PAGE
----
By March 1, 2010, the fleet not only had to be in compliance with performance requirements, the actions taken to meet these requirements had to be reported to CARB no later than April, 2010. "Once we had collected all the data, we realized we weren't in bad shape for meeting the March 2010 date," says Hardy. "Our off-road fleet consisted primarily of equipment powered by Tier II and Tier III engines. If I recall, we may have sold a couple of pieces of older equipment to help ensure compliance."
As he points out, to be competitive, most rental companies need to have newer equipment in their fleet, not to mention the fact that 75 percent of Cresco's contractor customers work in the Bay Area where strict emission standards on federally funded projects already were in place. Adds, Hardy, "The rule may have caught us off guard, but I believe, too, that doing the right thing will help in the long run."
According to ARA Vice-President of Government Affairs John McClelland, Cresco's moves to meet the original compliance time of March 2010 mirrored those of other large and medium-sized rental companies. "We haven't had a great number of complaints from our members about the rule," he relates. "What seemed to be the biggest immediate challenge was understanding how to use CARB's DOORS website, and we guided several members through that exercise.
He notes that long term there were issues. "We made it clear to CARB that using their compliance model and using the rental fleet data we had that a rental company with a very clean fleet could have been unable to comply with the rule as implemented and forced to needlessly eliminate certain pieces of equipment from the fleet before normal attrition. In terms of meeting the original rule, we know that rental companies have the cleanest fleets in California. Yet some would have their hands tied because the poor economy in California has forced rental fleet operators to buy less new equipment and extend the use of their remaining fleet."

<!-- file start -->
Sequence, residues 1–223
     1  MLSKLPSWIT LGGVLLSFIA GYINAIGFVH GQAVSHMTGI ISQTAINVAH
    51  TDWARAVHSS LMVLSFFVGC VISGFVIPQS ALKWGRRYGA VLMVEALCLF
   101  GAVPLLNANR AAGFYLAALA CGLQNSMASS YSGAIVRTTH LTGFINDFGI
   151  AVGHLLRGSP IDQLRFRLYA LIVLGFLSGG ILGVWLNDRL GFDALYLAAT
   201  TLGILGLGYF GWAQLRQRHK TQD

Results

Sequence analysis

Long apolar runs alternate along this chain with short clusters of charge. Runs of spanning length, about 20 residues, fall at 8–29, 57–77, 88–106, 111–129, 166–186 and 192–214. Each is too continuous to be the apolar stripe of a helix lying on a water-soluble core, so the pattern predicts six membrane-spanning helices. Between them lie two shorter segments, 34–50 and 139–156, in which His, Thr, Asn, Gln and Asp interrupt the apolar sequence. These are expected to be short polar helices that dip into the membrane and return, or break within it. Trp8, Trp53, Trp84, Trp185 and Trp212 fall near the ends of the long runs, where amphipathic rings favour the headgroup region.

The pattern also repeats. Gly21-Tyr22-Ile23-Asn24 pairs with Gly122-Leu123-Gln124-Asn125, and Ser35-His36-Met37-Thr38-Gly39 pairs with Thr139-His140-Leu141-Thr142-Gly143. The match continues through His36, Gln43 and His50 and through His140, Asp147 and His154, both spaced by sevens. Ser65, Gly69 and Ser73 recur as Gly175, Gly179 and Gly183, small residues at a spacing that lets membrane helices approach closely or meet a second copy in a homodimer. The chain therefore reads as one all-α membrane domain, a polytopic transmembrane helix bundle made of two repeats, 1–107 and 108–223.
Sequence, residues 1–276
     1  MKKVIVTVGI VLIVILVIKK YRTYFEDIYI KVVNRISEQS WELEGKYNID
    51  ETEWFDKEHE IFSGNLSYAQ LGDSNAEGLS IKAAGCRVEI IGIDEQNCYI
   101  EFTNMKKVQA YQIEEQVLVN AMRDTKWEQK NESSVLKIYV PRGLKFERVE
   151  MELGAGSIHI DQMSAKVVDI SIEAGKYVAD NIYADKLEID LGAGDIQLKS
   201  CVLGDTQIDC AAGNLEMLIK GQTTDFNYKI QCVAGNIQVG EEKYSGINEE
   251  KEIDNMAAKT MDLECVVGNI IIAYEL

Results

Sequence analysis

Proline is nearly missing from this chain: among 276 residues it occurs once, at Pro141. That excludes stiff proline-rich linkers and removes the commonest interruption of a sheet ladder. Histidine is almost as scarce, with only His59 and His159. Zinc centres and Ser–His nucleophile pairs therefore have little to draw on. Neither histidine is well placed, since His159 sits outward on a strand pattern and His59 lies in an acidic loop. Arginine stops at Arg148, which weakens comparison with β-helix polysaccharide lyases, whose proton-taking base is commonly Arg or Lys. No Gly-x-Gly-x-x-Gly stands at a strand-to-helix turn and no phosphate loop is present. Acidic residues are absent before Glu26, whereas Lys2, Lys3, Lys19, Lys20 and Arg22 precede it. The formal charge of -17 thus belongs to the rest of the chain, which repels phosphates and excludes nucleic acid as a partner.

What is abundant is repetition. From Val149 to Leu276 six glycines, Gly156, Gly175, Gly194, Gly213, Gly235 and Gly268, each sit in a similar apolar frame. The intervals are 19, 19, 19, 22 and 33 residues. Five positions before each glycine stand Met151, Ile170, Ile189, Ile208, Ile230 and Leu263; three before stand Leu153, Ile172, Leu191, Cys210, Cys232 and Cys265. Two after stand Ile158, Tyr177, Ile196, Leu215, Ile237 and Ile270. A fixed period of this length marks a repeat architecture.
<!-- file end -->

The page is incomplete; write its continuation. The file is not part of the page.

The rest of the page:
As McClelland points out, regulations come with compliance costs and there has to be a compelling reason for a regulation, and it has to be based on sound science, something the original rule lacked. "Our analysis was that the fuel use figures ARB estimated from their emissions inventory model were four times greater than what we could verify using independent data sets, including data from the U.S. Energy Information Agency.
In a statement last April, CARB attributed a down economy to the lower inventory numbers. Said ARB's chairperson Mary Nichols, "We fully recognize that the economy has had an effect on the owners and operators of big rigs, buses, and construction equipment. We are committed to taking those impacts into consideration for our diesel clean-up program."
Because of the economy, compliance costs was another concern and, as Fischer notes, CARB sometimes anticipates a need assuming the market will respond in kind when in fact the cost of testing and producing a fix (e.g., a filter) may not be financially worthwhile. Not to say this attributed to the rule changes, but collecting PM on off-road diesel equipment can be cumbersome anyway, he adds. "These filters can be very large and depending on the equipment and application, they can impede an operator's view."
Working with ARA, the Associated General Contractors (AGC), and the off-road implementation advisory group CARB set about changing the proposed rules for off-road equipment (as well as on -road and portable power equipment). As mentioned above, the new rule was finalized on December 17, 2010. The off-road changes would:
Delay start of requirements until January 1, 2014
Increase the number of "low-use" equipment exempted
Provide simpler compliance options for the smallest fleets
Extend benefits for businesses that comply before their deadline
Lower annual requirements to clean up engines
The changes also addressed a concern raised by Cresco's Hardy about rewarding rental companies that had been proactive in meeting original target emission guidelines. In addition to streamlining the compliance process and offering additional time and flexible options to meet requirements, CARB indicated the rule changes would provide credits for efforts already made to reduce emissions.